center of the Milky Way: violent process discovered at the center of our galaxy

Is there a huge treasure of hitherto unexplored energy at the center of our Galaxy? Astronomer Daniel Wong of the University of Massachusetts at Amherst gave details of an “aggressive” process at the center of our galaxy. An x-ray wire is visible in photographs published in the Monthly Notices of the Royal Astronomical Society. GO.17-9.41 indicates a process that we did not know before. This may also be the reason for the transmission of energy and its evolution in the Milky Way. “We know that all the action takes place in the center of the galaxy and that they play an important role in the process of evolution,” says Wang.

Radiography made possible

However, the center of the Galaxy is not easy to study due to the dense fog of gas and dust surrounding it. Researchers cannot see the center. Wang therefore used the Chandra X-ray Observatory, which can see X-rays instead of visible light. X-rays can also pass through fog. An X-ray plume has been found in the region near the massive black hole in the middle of our galaxy. NASA also agrees with Wang’s discovery.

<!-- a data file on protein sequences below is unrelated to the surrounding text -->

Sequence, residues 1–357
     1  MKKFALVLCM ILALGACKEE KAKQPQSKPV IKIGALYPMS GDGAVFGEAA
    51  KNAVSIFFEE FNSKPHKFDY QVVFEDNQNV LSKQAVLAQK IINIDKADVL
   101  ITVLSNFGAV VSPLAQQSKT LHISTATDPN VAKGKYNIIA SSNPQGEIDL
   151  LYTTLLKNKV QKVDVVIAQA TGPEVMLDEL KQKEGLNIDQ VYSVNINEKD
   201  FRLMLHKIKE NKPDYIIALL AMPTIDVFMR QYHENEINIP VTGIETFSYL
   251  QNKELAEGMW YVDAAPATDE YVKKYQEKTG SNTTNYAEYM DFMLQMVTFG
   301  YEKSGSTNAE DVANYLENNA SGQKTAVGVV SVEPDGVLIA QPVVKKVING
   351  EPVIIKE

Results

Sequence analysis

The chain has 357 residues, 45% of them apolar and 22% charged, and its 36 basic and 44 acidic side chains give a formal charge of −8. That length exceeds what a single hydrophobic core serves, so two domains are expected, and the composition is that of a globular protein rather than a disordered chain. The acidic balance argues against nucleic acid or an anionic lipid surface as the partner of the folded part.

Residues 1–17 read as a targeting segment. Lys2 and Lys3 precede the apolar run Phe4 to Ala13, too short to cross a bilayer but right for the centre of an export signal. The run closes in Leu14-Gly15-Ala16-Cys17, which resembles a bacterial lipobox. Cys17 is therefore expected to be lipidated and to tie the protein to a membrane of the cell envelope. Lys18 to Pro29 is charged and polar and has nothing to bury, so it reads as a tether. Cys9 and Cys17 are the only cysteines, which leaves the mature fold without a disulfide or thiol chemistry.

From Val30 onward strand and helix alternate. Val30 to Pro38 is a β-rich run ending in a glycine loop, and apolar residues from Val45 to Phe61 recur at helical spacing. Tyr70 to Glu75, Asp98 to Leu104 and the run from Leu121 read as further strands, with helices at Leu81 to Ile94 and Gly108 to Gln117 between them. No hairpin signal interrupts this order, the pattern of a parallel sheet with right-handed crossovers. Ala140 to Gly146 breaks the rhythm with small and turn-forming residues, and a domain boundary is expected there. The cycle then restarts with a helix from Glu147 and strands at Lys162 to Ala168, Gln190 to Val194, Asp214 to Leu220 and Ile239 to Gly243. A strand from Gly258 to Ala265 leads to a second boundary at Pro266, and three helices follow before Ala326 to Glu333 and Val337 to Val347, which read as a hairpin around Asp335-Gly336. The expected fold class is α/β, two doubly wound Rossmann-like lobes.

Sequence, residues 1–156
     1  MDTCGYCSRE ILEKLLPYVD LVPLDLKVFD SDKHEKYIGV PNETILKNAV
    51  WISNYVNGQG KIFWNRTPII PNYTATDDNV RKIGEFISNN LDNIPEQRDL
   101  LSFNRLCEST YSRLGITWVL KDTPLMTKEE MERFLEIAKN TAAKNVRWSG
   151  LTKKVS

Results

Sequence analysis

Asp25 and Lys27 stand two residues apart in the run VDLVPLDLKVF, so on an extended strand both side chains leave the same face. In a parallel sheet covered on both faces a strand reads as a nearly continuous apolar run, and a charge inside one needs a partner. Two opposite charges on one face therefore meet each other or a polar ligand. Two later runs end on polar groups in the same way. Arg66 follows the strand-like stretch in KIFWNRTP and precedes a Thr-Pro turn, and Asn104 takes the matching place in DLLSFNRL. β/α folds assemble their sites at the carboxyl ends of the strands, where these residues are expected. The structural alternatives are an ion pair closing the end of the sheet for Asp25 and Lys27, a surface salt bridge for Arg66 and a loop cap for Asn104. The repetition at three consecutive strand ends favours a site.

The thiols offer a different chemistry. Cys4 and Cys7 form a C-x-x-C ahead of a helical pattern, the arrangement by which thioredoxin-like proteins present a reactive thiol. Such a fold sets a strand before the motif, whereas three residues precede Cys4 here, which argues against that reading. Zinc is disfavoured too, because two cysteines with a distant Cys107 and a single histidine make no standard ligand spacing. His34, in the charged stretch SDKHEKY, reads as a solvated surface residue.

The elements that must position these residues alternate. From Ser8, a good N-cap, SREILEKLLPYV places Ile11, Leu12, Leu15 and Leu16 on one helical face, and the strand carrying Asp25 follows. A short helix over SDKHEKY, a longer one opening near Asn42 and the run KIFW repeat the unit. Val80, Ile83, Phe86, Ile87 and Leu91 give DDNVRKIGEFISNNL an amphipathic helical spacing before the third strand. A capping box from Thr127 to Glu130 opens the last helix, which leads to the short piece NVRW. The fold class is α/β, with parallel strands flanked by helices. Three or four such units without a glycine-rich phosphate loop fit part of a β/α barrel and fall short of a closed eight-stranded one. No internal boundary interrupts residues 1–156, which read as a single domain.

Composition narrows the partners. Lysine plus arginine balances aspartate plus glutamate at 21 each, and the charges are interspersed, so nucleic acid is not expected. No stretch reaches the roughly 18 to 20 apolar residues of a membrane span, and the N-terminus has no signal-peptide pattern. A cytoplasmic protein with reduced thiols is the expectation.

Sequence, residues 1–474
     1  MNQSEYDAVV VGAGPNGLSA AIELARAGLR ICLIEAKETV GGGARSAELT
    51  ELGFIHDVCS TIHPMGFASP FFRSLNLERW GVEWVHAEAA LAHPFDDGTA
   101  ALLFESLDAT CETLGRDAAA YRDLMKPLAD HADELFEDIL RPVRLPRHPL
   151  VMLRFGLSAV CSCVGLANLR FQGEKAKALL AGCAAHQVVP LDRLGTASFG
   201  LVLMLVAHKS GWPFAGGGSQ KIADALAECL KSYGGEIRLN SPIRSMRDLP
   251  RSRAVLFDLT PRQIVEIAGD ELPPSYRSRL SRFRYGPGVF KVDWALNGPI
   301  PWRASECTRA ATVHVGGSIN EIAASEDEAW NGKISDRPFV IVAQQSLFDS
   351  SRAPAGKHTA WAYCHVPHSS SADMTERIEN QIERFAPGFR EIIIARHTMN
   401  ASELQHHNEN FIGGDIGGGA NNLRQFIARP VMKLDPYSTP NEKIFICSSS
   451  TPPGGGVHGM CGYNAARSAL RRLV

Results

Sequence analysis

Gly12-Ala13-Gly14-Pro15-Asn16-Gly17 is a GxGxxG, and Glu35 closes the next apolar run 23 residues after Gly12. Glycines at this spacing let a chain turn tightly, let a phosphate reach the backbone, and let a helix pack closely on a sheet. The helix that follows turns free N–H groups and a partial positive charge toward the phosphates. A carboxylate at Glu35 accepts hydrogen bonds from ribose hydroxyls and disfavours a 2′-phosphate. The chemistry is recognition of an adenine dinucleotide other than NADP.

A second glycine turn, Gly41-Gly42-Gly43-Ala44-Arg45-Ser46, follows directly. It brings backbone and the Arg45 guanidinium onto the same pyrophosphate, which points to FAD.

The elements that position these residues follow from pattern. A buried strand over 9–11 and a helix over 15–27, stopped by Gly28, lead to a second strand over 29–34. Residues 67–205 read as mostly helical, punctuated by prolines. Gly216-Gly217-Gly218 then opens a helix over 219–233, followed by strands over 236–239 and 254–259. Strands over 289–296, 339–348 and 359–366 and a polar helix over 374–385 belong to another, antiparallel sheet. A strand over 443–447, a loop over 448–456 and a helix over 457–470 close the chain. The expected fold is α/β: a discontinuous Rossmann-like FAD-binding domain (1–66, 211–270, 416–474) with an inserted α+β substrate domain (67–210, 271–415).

first search

They also found here a GO.17-9.41 x-ray wire which is seen for the first time. They say this is evidence of a magnetic field reconnection event. He says there is still more information hidden behind this that needs to be uncovered. Magnetic field reconnection events occur when two different magnetic fields interact and thus generate a large amount of energy. Wang said it is a very invasive process.

lots of puzzles

It is also believed to be responsible for the explosions in the sun. Wang says the question now is, how much energy is coming out of the center of the galaxy? How is it produced and how is it transported? How does it regulate the ecosystem of the Galaxy? The new discovery has clearly indicated the need for more research on the center of the Galaxy in the times to come.

Wonderful sky: touch the Andromeda galaxy by contacting us, this photo was taken as photo of the year

Wonderful sky: touch the Andromeda galaxy with outstretched hands Photograph of the year

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